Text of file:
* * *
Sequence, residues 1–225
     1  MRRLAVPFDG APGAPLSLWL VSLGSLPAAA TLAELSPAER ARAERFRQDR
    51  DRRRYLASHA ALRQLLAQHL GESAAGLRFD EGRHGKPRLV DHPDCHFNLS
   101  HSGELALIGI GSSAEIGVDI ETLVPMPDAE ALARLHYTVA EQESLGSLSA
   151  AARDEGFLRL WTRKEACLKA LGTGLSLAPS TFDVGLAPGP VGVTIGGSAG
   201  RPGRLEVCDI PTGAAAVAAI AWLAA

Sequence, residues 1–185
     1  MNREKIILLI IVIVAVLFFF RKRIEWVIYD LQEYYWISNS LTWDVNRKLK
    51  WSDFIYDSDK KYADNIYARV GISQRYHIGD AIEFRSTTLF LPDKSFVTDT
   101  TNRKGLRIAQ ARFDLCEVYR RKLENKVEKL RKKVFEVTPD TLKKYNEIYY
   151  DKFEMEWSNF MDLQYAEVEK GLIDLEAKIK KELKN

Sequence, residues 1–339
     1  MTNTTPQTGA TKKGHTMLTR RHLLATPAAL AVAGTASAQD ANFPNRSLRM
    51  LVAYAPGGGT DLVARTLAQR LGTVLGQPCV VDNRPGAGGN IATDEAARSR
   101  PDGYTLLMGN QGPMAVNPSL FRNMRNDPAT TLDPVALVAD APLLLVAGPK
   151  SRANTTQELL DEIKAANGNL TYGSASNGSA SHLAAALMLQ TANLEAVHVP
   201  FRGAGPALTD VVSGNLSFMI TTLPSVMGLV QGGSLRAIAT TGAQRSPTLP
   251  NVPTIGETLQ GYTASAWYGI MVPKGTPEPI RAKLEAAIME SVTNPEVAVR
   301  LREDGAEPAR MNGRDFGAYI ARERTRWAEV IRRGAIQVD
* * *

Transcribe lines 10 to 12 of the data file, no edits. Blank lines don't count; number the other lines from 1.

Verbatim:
   101  TNRKGLRIAQ ARFDLCEVYR RKLENKVEKL RKKVFEVTPD TLKKYNEIYY
   151  DKFEMEWSNF MDLQYAEVEK GLIDLEAKIK KELKN

Sequence, residues 1–339